When I was about 12 years old, I started to program on a little computer called the ZX81, an amazing machine that had just been released. It was the first really popular home computer and by today’s standards it was ridiculously limited. A modern computer has about 4 Gigabyes of RAM or more, and often has a hard disc of 1 Terabyte. In contrast, the ZX81 had the tiny RAM working memory of 1K and no hard disk at all.
Now, a RAM of 1K is tiny, so small that the computer had to compile each line of code as you entered it. On a modern computer, you would enter all the statements of the code and then compile it using today’s enormous RAM. You only know that you have made a mistake in your syntax when you compile it.
On the ZX81, if you made a syntax error in a statement, the computer told you as soon as you pressed the Enter key! And it told you very clearly with a big “SYNTAX ERROR” message.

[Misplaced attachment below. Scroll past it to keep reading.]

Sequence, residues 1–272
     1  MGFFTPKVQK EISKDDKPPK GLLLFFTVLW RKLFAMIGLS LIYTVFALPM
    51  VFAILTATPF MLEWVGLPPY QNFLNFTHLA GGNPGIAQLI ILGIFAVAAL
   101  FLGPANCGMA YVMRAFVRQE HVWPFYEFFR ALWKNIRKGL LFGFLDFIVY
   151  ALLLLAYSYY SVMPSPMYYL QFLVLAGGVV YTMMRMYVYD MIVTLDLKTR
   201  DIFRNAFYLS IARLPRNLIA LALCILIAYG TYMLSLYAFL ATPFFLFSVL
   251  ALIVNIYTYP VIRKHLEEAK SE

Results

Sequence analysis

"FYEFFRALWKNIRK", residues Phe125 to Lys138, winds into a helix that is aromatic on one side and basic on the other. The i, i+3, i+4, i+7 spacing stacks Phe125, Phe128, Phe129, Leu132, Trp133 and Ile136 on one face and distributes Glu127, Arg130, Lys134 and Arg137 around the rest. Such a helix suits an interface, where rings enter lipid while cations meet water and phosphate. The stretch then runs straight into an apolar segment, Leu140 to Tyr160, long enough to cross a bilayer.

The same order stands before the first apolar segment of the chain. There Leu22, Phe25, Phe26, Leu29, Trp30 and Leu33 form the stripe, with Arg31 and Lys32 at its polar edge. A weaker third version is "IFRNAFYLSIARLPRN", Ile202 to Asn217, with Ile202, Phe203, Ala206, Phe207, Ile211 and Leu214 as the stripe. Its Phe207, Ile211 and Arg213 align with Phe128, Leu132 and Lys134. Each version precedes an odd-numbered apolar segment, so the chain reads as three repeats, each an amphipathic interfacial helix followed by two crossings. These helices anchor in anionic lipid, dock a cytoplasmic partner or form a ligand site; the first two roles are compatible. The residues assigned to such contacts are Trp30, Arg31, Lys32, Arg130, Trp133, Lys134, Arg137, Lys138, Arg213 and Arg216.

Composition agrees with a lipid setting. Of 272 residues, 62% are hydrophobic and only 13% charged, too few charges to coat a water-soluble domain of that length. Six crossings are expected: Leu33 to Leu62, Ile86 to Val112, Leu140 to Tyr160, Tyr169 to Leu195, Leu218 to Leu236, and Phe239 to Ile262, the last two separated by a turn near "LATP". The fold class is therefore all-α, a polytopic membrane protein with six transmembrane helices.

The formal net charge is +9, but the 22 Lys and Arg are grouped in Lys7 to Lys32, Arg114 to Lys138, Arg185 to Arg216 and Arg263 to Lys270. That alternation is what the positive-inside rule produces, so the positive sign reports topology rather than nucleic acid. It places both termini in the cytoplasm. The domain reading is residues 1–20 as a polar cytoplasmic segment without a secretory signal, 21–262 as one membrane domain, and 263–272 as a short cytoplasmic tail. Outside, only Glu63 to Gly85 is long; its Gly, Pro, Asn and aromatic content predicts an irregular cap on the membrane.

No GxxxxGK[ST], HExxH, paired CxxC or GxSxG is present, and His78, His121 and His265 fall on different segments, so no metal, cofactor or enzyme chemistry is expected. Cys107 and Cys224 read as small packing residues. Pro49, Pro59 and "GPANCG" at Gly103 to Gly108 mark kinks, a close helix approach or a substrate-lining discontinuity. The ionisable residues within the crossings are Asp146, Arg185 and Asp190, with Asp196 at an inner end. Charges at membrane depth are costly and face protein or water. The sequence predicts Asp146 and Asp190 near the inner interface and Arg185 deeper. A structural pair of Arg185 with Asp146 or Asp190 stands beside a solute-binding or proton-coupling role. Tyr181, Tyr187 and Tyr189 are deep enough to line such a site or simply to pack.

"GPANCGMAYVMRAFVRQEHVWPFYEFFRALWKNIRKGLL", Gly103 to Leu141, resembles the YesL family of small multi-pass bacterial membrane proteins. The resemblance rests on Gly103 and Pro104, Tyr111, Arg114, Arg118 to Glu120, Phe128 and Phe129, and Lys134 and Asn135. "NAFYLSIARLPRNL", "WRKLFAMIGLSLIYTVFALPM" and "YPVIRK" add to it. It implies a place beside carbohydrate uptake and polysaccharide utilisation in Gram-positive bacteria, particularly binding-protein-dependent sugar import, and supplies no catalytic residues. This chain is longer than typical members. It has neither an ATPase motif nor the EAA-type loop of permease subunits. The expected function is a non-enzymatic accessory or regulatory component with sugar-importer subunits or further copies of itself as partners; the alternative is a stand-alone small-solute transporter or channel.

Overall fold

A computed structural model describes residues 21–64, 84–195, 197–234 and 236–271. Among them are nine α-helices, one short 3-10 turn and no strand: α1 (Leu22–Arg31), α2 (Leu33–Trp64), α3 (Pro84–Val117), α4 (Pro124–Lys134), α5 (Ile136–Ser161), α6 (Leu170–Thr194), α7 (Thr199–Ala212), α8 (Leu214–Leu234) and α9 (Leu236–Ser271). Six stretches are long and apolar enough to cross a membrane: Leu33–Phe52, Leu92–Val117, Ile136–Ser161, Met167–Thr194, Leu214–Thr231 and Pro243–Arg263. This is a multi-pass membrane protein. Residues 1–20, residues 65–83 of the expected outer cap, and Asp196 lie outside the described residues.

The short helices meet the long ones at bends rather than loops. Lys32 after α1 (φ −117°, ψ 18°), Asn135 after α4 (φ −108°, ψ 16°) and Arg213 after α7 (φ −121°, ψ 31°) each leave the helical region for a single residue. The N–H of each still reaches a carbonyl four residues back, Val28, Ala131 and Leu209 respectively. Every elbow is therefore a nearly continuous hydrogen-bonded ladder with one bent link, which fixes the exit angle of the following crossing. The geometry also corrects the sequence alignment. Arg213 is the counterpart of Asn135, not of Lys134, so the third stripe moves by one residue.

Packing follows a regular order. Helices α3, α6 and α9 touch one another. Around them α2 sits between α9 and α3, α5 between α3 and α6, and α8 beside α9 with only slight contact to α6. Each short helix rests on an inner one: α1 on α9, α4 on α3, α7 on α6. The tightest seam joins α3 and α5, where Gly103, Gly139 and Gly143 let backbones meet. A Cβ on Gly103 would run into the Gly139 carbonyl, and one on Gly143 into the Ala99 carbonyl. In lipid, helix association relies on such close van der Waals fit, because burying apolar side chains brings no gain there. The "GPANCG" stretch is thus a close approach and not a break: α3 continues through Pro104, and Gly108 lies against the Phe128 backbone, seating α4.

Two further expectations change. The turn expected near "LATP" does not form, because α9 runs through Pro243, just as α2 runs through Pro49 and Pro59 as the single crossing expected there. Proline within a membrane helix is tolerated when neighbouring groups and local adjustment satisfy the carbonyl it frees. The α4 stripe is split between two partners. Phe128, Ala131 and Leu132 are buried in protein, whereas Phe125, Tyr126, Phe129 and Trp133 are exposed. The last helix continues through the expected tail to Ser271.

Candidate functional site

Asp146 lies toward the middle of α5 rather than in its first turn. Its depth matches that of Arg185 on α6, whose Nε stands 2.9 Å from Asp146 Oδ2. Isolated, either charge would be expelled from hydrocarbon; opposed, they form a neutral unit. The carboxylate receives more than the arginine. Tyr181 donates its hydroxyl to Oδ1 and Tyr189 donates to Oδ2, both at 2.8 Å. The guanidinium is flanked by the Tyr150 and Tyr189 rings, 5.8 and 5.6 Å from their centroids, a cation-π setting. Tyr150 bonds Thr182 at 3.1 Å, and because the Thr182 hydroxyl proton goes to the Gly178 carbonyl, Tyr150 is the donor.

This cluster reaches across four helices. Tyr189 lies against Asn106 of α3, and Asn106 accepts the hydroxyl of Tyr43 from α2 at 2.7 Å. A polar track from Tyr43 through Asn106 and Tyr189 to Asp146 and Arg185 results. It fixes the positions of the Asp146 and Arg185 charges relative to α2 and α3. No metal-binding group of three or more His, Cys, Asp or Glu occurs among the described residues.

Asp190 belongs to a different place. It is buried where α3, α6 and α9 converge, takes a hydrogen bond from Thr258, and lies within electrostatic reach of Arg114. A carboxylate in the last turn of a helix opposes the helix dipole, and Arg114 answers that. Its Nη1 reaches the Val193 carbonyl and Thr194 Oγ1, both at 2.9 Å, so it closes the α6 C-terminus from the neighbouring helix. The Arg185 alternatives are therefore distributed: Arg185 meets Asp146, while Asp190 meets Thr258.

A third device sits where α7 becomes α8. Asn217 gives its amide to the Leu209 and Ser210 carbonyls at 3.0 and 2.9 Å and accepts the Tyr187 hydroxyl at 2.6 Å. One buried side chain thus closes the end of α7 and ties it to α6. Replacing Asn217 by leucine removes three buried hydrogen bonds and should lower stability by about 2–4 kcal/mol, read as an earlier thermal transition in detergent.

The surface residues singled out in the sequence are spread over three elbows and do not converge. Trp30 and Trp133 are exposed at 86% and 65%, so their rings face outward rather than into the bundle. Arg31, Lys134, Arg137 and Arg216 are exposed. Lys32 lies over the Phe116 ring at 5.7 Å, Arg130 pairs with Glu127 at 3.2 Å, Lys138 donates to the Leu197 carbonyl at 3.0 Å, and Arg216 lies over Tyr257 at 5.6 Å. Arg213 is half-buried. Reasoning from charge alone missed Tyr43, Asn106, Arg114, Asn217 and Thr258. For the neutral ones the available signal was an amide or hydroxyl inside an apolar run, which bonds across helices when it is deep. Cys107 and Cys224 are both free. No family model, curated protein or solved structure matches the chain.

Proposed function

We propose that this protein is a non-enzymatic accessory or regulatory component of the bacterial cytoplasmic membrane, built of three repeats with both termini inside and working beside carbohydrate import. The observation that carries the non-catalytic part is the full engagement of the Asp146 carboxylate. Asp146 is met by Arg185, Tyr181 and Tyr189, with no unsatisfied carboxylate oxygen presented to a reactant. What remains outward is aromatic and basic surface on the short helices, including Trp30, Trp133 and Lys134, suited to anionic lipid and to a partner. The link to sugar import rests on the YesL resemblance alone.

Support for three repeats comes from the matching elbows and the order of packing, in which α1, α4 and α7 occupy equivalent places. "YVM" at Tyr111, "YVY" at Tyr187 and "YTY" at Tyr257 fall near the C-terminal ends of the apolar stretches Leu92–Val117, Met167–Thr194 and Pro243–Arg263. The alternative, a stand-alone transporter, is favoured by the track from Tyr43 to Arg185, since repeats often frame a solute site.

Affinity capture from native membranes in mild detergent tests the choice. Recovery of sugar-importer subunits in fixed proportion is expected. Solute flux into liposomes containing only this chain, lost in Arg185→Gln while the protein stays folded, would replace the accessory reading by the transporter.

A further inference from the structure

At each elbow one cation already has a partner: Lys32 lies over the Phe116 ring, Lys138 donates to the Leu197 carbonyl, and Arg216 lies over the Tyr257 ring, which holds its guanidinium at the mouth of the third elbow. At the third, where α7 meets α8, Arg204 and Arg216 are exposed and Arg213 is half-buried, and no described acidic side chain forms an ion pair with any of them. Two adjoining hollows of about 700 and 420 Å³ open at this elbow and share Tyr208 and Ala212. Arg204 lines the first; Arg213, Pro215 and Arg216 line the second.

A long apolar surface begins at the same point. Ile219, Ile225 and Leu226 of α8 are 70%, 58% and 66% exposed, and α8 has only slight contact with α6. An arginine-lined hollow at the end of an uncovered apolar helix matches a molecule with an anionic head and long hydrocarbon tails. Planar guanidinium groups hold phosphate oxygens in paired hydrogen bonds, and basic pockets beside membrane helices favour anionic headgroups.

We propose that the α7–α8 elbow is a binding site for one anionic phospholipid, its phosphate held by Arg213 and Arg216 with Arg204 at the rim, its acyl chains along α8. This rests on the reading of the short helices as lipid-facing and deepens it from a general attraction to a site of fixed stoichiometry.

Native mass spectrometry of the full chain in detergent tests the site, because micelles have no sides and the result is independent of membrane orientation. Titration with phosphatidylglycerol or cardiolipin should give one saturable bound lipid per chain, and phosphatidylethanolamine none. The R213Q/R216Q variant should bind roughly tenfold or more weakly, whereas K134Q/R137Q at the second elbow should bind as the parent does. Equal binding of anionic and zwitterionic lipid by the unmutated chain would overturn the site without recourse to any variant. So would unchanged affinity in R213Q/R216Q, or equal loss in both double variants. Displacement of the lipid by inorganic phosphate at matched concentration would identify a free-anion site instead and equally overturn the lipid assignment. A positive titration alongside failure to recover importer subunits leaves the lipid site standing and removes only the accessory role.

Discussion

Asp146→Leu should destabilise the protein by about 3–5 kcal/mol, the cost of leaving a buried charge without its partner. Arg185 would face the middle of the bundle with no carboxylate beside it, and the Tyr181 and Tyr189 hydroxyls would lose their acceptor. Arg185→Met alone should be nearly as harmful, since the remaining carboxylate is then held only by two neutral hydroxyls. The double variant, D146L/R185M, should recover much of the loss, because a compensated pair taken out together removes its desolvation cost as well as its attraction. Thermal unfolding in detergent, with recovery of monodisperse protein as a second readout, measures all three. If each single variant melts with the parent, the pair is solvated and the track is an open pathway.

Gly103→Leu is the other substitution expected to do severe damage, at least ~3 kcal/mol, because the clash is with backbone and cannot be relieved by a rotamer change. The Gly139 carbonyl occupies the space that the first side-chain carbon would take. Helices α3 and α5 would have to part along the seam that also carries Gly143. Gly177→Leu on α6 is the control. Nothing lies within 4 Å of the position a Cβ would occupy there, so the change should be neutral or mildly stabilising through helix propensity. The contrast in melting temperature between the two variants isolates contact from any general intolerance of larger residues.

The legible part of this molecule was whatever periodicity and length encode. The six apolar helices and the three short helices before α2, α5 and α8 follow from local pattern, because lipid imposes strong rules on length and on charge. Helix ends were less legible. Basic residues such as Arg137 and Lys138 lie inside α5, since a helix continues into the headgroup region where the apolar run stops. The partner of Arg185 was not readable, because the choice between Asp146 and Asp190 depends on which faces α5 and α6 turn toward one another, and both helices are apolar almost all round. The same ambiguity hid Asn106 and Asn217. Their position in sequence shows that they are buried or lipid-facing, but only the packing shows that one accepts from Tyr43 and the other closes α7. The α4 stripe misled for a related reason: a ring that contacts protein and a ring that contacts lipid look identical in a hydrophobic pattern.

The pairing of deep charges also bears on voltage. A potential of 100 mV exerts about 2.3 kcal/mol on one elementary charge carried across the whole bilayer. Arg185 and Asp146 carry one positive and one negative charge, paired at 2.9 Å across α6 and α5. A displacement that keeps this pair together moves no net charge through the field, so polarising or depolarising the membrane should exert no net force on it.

Life is like that, too, you know. You always get immediate feedback, even if you don’t notice it at the time. When you really begin to notice the feedback that you get after each step, you’ll realize that those things that used to seem to be limits were actually not so limiting at all.
I loved that old computer. It ran a version of Microsoft Basic, probably the best Microsoft product that I ever used and certainly the most reliable 😉
It didn’t seem limiting at all. On the contrary, we wrote whole games within that 1K and had such fun and creativity flow.